On the bright side, I got a firm foundation of Taekwondo kicks, and it helped me a lot when I moved to Australia ( where I live now ). I’m exploring more about this art and completing its full curriculum.

    Long reply, but this is something I’m excited to share with you. Please keep on making Taekwondo posts, I’ll keep reading them.

    • White Dragon says:

      Wow that sounds awesome!!! Asian martial arts! What a cool environment! Were the students are different styles nice to each other? Did people get a long well? I would be training in or more styles but focusing on one main onelike Taekwondo. What a fun place! I wish I could get ajob at a large place like that.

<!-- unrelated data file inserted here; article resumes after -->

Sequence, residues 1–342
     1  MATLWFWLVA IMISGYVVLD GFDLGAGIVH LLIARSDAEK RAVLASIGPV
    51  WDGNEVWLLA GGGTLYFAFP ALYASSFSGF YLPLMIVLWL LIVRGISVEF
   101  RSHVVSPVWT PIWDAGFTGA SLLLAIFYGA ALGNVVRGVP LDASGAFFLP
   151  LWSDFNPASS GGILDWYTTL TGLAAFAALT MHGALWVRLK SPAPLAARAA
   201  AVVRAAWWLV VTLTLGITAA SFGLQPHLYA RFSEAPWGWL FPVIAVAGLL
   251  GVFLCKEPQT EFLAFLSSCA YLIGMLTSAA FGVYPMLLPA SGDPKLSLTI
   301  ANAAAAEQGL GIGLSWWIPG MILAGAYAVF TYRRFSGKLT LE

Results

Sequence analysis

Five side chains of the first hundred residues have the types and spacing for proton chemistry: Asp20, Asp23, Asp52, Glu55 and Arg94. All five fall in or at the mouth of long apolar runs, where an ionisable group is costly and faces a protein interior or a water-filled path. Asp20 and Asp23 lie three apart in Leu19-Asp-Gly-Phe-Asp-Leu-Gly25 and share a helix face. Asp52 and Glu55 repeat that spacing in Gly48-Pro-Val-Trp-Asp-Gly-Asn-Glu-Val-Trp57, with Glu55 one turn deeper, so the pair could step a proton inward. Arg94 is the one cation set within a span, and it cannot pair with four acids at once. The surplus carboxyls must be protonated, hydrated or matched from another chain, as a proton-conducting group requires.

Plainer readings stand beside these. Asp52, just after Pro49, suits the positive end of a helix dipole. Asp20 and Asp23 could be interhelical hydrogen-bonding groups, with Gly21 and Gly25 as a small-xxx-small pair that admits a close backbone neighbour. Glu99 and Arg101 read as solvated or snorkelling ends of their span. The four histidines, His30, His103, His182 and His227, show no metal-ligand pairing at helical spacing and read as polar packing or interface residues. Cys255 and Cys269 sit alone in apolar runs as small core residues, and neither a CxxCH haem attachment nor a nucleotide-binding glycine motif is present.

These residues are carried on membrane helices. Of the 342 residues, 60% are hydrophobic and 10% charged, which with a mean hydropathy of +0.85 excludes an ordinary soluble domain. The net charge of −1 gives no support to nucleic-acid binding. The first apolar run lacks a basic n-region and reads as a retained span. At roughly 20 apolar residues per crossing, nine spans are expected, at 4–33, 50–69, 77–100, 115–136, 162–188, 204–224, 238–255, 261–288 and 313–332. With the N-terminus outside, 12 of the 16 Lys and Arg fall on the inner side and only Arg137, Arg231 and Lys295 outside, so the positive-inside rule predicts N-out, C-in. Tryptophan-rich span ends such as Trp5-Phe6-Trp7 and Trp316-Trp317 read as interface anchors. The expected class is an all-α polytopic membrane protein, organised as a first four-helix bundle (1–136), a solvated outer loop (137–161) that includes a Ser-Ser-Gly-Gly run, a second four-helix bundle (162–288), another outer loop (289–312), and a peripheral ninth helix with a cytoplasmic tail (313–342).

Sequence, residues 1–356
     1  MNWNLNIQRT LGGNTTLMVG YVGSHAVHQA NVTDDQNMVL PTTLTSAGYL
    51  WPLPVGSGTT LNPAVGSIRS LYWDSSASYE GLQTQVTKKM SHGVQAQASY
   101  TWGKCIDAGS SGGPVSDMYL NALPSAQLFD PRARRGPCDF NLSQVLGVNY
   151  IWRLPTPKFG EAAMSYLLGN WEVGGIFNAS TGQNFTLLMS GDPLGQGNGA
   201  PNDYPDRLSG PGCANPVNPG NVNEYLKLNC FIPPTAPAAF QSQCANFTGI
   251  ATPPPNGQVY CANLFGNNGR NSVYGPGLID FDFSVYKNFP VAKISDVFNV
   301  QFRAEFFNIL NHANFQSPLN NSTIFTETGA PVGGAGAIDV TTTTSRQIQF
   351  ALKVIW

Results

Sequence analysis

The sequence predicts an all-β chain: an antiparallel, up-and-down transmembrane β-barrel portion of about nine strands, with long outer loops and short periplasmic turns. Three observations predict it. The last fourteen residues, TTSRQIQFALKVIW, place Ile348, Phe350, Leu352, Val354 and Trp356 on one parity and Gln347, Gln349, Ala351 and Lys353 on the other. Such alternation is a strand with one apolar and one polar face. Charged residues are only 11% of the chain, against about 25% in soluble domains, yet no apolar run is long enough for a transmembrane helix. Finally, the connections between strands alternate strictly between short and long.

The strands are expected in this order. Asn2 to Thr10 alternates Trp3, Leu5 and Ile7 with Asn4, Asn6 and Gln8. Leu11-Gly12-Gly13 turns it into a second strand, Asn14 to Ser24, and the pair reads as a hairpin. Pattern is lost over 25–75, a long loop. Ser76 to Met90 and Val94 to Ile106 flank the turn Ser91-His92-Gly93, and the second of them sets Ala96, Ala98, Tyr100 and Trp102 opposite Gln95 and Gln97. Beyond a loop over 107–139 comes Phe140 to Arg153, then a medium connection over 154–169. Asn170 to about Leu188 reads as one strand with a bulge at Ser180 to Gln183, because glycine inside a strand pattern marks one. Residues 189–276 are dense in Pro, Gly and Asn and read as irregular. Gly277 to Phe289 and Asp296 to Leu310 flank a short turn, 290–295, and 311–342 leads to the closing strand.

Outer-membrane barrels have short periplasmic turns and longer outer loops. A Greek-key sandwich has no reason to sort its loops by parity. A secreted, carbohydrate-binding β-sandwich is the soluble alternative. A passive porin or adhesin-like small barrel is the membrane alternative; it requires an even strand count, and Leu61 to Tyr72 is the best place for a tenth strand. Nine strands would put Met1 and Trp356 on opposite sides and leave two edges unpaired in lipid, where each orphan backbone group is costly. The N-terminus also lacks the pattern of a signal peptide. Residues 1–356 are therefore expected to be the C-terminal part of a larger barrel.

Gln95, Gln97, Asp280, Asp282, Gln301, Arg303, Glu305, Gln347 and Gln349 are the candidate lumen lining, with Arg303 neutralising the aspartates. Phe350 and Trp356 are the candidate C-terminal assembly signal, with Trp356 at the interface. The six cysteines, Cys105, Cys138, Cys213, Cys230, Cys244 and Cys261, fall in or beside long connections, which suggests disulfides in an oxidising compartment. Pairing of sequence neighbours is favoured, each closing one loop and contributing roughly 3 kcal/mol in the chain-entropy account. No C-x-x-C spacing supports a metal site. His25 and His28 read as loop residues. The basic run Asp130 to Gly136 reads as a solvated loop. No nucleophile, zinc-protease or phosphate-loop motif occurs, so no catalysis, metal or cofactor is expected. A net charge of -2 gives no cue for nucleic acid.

I always train out doors too. In the old days people trained outside all the time, not only inside. For me I train outside constantly, there is just something deep about it. I love the feeling of the wind and the tempurature at different times of the year and seeing nature and enjoying the sounds.
      I also like to train inside too!

      Are you one of Master Kwon’s students? If so you are lucky because he is 100% everything about Taekwondo and uses hands a lot.
      Your Vietnam TKD gym sounds a lot like man gyms in the USA. Same sport stuff. It gets boring.

      I am glad to have engaging readers like yourself. Thanks for posting!